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Anonymous unrecognizable man with digital tablet computerIBM has launched a new cloud-based version of the company’s cognitive technology to tackle the rising challenge of cyber security.

The company’s R&D team have recently completed a year-long research program to teach Watson to understand the nuances of security research findings, which can be used to realize patterns and uncover evidence of hidden cyber-attacks which could have been missed. IBM plan to move the security-version into beta test later this year.

Watson’s new capabilities builds on the skills gap within the security job market, but also the idea that big data in a security perspective is too vast for human capabilities. Like other areas of the cloud industry, simple tasks are being automated, allowing employees to concentrate on the more critical areas of the business. IBM claim the average organization deals with 200,000 pieces of security event data per day, with enterprises spending $1.3 million a year dealing with false positives alone.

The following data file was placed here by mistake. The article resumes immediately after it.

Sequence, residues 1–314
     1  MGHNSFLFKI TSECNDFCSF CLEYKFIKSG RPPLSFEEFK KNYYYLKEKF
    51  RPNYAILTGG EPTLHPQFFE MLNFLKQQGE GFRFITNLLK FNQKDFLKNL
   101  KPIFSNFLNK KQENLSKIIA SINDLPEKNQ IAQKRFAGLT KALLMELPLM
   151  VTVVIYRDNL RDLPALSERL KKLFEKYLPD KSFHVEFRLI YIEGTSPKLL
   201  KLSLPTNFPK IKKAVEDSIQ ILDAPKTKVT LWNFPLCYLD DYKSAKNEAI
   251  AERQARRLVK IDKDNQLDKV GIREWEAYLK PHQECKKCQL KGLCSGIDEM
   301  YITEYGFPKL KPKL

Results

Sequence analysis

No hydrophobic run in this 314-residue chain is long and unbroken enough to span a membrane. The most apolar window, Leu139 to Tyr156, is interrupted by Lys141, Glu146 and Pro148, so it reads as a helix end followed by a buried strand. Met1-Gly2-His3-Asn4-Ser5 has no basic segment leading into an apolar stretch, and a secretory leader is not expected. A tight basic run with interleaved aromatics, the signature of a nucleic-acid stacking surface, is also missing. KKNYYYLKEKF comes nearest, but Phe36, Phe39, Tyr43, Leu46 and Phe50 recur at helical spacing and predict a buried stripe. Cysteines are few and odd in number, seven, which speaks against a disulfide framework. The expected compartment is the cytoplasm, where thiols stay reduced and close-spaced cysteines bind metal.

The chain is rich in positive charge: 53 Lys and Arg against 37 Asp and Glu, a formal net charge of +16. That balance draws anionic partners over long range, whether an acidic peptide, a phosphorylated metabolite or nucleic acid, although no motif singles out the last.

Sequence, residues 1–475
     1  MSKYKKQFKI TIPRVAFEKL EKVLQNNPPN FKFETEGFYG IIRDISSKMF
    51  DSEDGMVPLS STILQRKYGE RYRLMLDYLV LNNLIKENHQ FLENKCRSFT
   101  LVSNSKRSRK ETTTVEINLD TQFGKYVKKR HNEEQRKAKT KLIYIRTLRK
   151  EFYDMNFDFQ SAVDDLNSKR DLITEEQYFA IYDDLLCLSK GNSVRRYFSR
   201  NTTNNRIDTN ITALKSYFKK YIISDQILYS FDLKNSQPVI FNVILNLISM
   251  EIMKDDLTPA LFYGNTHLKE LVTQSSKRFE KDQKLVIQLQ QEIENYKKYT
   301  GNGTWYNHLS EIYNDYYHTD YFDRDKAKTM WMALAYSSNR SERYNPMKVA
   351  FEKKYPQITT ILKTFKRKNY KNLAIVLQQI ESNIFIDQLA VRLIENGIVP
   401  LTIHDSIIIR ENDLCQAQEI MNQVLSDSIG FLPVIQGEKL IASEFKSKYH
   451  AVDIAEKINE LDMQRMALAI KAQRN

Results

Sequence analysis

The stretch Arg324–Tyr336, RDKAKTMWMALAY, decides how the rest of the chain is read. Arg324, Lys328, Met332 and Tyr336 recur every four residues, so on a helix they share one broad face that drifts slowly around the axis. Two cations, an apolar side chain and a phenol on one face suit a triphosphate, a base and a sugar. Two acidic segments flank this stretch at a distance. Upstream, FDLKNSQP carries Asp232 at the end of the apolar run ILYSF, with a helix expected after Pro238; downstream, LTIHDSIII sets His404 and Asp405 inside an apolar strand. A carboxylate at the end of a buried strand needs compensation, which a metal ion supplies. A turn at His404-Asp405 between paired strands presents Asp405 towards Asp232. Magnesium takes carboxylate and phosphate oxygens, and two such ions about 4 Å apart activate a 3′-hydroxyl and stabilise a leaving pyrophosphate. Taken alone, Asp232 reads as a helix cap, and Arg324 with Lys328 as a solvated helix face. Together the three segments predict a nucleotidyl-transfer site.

“Even if the industry was able to fill the estimated 1.5 million open cyber security jobs by 2020, we’d still have a skills crisis in security,” said Marc van Zadelhoff, GM at IBM Security. “The volume and velocity of data in security is one of our greatest challenges in dealing with cybercrime. By leveraging Watson’s ability to bring context to staggering amounts of unstructured data, impossible for people alone to process, we will bring new insights, recommendations, and knowledge to security professionals, bringing greater speed and precision to the most advanced cybersecurity analysts, and providing novice analysts with on-the-job training.”

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The new offering is built on Watson’s ability to learn and reason from unstructured data, 80% of which cannot be processed by non-cognitive tools, and IBM claim the offering will learn from a number of different sources including blogs, articles, videos, reports and alerts. The company believe only 8% of this unstructured data is being utilized currently, making the concept of secure almost impossible. Once Watson for Security is released it will provide customers insights into emerging threats, as well as recommendations on how to stop them.

To further enhance the offering, the team have also announced eight partnerships with various universities to train Watson on the language of cybersecurity. The universities include California State Polytechnic University, Pomona; Pennsylvania State University; Massachusetts Institute of Technology; New York University; the University of Maryland, Baltimore County (UMBC); the University of New Brunswick; the University of Ottawa and the University of Waterloo.

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